This is an inhomogeneous Bessel differential equation. The solution is given by adding the homogeneous solution to a particular solution. The homogeneous solution of (40) can be found in terms of Bessel functions

(41)

where , and , are two integral constants.

Then, we try to find a particular solution for this equation. Because rapidly after horizon-crossing, we drop out the term in the coefficient of . In this case, a particular solution is given by

(42)

Then we can get the general solution of Eq. (40)

(43)

In case of , the Bessel functions in the above equation can be approximated by

(44)
(45)

where is the Gamma function. From the above approximation we know these two terms tend to zero rapidly after horizon-crossing, so

(46)

From Eq. (8) we know , so in spatially-flat gauge the comoving curvature perturbation is given by evolution of the ()

(47)

Curvature perturbation has a same form to that in cold inflation. In one field case, reduces to our familiar form .

Now, we consider a two-field model, , . In this case, the perturbation equation of scalar field is given by

(48)
(49)

Substituting Eq. (46) into Eqs. (28) and (29), we can express the metric perturbation and in terms of field perturbation , . In previous section, we have expressed in terms of field perturbations, therefore now we get two closed differential equations for the variables , after replacing and in above two equations with these results.

As in cold two-field inflation, we define two new adiabatic field and entropy field by a rotation in field space. is tangent to the background trajectory and is normal to it adiabatic and entropy ().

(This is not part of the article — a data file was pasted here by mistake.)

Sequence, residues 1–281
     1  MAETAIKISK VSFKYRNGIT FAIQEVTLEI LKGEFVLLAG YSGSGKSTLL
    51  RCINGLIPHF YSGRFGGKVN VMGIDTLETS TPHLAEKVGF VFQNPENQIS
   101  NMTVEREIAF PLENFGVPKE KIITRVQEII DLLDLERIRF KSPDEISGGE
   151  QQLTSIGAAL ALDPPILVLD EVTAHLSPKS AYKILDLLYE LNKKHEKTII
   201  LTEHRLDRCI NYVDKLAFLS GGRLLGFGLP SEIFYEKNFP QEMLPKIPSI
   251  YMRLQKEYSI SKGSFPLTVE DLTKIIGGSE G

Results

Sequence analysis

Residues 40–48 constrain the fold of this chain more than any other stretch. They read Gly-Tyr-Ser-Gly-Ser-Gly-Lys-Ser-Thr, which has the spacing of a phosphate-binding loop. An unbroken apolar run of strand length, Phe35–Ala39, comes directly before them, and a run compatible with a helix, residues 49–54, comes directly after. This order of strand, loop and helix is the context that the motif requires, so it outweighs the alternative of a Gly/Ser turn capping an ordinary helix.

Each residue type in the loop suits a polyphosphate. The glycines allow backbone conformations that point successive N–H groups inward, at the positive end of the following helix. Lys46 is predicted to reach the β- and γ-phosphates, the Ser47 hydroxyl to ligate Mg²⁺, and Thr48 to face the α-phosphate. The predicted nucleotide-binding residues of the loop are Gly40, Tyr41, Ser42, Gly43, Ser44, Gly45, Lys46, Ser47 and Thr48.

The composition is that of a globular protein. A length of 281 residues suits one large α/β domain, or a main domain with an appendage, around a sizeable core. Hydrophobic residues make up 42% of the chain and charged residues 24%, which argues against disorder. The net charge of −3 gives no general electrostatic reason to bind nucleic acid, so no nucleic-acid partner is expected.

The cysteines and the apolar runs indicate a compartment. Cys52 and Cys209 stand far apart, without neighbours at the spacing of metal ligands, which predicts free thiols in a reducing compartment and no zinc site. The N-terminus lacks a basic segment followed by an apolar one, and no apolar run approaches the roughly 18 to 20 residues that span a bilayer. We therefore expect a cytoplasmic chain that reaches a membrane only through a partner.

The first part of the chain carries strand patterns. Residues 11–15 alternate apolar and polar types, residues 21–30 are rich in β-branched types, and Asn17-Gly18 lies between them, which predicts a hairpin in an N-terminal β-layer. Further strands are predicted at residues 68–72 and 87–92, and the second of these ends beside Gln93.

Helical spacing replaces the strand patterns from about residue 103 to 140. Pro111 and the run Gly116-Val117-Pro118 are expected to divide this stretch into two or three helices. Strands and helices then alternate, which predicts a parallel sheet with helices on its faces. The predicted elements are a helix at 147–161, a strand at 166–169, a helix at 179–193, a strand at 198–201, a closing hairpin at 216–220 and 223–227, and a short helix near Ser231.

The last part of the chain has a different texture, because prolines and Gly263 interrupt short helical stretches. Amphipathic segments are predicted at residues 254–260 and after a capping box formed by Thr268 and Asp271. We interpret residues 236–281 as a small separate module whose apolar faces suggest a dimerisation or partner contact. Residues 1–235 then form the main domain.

(50)

where ,

Using this definition, the equation of motion can be described in terms of , is given by

(51)
(52)

where , .

Figure 1: An illustration of the decomposition of an arbitrary perturbation in field space. , represent fluctuations with respect to a fixed local frame, and , represent fluctuations parallel and normal to the background path.

Similarly, it is useful to decompose the field perturbations into an adiabatic and entropy component as illustrated in Fig. 1, is parallel to the background trajectory and is orthogonal to it.

(53)

Now we can write Eqs. (48) and (49) in the form

(54)
(55)

where

(56)
(57)

Since in previous section, now we can treat as . For simplicity, we redefine some slow-roll parameters

(58)

Then, the metric perturbations , in Eqs. (28), (29) and can be expressed in term of (According to Eqs. (17), (28) and (46), we can rewrite in terms of in spatially-flat gauge).

Substituting into Eqs. (54) and (55), we get

(59)
(60)

The comoving curvature perturbation is given by

(61)